I was in a cab and on my way to the main railway station in Los Angeles. I was running a little late and my taxi driver, an elderly gentleman, for whom English wasn’t his first language, pretended he wasn’t sure how to get there. I think he sensed that I was a bit tense, and decided to amuse himself at my expense.
“It’s the airport you want isn’t it?”
“No Union Station”.
Fifteen minutes later he pulled up outside the church like building that is Union Station. Whew!
In the beautiful Art Deco style interior I looked for a ticket machine. I’d packed hurriedly and realised I’d stuffed my purse into my suitcase. I struggled with the old fashioned ticket machine. A friendly member of staff helped me and my ticket popped out. I picked up my case and the contents spilled out onto the tiled floor. I hadn’t zipped it up properly when I took my purse out.
Red faced, I scooped everything back in and started down the wide tunnel to the platform.
I love trains, so was excited to board the huge silver Coast Starlight. My allocated seat was next to an older woman who was travelling alone back to her home in Salem, Oregan. The seat she was in would be her base for the next 17 hours.
My journey to San Luis Obispo was only 5 hours. The trip along the Pacific coast was one I had been wanting to take for many years.
The staff were friendly. The guy in the cafeteria announced over the speaker system that he was getting pretty lonely down in the buffet car and he’d got some coffee and tasty cinnamon buns to tempt us with. And “bacon, mmm bacon, delicious piggy, OK not for you vegetarians, you’ll have to stick with the cinnamon buns – come and get it!”
The main viewing car has huge picture windows, so I moved up there to make the most of the gorgeous blue sky, glittering ocean and the occasional pelican flying overhead. People were camped out near the shore in their winnebagos and Airstream caravans. Children wandered and picked up shells and seaweed. Huge trucks whizzed past as we joined part of a highway, then the terrain would change to fields of giant orange pumpkins and other crops I couldn’t identify.
I chatted to other passengers, everyone raved about the beautiful scenery. A party of British pensioners had travelled from New York and were getting a little tired of train travel as they neared the end of their journey.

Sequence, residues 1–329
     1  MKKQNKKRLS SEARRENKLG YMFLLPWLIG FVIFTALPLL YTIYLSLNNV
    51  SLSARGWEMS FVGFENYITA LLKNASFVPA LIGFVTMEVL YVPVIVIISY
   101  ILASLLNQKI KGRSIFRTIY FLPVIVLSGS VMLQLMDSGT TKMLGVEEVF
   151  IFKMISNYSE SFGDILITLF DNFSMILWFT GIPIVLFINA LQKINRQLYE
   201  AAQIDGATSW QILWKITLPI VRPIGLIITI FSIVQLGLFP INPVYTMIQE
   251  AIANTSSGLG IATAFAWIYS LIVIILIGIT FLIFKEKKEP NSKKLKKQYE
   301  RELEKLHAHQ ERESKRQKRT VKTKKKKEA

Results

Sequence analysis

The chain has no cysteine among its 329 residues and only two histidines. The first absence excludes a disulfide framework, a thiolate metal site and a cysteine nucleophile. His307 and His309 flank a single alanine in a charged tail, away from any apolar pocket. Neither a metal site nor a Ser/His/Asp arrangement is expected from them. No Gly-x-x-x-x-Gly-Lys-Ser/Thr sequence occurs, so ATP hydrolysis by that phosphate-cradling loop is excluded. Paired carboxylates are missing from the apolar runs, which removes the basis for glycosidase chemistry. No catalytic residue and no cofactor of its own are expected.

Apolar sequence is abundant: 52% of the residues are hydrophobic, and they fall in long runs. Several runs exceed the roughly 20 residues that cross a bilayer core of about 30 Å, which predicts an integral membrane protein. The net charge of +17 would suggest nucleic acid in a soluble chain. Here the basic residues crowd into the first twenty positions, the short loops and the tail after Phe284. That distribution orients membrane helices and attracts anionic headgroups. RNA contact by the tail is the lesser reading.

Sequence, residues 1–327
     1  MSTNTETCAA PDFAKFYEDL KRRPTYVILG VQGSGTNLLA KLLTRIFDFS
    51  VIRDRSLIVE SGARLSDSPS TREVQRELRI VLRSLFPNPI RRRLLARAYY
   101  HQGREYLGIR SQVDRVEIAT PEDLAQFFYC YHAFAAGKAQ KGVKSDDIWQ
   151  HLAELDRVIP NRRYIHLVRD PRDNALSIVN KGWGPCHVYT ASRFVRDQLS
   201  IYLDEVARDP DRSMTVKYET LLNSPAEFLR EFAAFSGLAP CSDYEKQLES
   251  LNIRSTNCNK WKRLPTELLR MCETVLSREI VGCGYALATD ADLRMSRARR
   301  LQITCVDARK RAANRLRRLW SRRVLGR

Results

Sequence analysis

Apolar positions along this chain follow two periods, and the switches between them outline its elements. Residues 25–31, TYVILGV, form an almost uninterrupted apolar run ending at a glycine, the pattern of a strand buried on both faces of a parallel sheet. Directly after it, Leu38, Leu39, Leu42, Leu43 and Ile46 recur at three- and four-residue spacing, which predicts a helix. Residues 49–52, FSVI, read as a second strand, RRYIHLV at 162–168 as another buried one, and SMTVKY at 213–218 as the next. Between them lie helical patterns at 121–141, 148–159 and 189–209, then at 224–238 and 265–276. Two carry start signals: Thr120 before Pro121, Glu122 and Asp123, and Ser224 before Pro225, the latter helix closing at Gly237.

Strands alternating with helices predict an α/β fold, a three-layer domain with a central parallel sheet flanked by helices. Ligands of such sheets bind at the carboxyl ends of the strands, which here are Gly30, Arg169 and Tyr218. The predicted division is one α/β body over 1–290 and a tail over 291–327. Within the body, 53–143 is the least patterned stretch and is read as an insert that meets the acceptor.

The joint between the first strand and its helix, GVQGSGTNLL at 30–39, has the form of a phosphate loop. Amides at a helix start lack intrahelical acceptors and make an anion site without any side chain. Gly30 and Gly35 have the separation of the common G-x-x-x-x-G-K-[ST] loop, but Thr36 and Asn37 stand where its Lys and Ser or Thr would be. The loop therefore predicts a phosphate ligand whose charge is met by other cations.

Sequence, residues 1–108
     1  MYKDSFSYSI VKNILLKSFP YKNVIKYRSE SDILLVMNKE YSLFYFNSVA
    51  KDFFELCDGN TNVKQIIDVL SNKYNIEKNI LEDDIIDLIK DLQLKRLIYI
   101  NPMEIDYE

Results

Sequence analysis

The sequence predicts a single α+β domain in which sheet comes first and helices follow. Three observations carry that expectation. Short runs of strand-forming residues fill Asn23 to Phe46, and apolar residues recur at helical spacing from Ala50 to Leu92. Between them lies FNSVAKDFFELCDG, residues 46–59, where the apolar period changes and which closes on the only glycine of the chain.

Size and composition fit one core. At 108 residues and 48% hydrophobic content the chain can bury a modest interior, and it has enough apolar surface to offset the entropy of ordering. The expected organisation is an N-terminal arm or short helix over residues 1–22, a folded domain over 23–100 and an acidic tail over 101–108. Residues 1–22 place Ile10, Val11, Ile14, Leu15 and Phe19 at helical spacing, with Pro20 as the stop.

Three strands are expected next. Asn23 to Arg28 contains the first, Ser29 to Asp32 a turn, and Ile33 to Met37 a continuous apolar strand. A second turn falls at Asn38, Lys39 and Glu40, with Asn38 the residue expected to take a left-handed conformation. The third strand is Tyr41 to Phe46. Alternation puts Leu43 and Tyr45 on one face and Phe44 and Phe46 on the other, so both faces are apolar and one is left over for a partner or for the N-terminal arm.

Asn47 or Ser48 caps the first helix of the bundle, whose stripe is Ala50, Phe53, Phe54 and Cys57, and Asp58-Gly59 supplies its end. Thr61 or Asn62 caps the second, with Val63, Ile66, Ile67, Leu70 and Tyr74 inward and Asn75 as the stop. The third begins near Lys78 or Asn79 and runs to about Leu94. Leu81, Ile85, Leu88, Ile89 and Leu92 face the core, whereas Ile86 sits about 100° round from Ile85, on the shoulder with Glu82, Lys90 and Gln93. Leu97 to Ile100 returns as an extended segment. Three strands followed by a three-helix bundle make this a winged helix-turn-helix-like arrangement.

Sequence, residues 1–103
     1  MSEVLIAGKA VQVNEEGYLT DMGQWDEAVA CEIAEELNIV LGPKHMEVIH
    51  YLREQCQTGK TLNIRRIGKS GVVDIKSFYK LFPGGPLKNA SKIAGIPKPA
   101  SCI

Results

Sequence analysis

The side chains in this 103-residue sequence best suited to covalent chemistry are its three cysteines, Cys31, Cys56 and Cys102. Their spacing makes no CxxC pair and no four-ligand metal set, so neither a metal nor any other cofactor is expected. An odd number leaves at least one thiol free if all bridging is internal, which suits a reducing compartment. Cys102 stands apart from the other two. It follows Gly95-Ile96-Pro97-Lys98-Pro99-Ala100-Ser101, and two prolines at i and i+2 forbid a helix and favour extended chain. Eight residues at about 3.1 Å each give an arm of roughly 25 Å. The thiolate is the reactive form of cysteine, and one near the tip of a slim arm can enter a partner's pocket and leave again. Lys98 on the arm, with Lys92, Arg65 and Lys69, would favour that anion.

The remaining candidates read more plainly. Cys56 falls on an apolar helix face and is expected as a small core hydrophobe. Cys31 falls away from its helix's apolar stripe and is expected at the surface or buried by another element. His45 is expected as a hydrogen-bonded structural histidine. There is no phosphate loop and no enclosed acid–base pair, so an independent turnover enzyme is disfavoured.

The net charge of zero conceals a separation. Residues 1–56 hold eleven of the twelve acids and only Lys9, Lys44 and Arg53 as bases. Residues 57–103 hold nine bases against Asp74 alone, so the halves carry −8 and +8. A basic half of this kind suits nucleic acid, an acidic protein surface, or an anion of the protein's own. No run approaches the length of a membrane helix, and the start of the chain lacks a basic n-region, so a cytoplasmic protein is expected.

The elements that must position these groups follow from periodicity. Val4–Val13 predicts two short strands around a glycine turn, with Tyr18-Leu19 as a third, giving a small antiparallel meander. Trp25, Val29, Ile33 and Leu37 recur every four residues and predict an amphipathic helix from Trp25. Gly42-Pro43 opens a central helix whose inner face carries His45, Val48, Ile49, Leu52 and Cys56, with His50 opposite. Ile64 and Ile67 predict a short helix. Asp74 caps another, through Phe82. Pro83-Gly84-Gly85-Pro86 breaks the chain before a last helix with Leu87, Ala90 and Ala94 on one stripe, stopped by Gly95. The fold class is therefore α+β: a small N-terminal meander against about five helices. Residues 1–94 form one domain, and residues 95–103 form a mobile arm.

Lunch was in the dining car and I was seated with three fellow travellers – a French couple on their way to San Francisco and a large American man with long hair in a pony tail. They were pleasant company.
Freight trains have priority on the railroads of the USA so there are often delays. The convivial atmosphere in the dining car was briefly interrupted by a young man who was obviously in a hurry. He coldly stated that he shouldn’t have to talk to the lowly person who politely tried to reassure him that the train would be on it’s way as soon as possible. A waiter from the dining car made a comment and was told to “shut up, you are even more lowly than this person I’m speaking to now”.
When I returned to my seat, I discovered this man was sitting directly in front of me. He was telling another member of staff how badly he’d been treated in the dining car. He then took a call on his phone and his manner now was as sweet as honey “sure, why don’t you stop by my office tomorrow, we’ll have coffee, relax and talk about this deal. It’s perfect for you”.
Many people prefer to fly between the major cities of the US but I prefer the slow train.
Throw in some people watching, preferably no psychopaths and I’m in heaven.
Next stop was San Luis Obispo and tomorrow I would meet some of my fellow coach trainees and be in the same room as Martha Beck.
For a self help junkie, that’s big!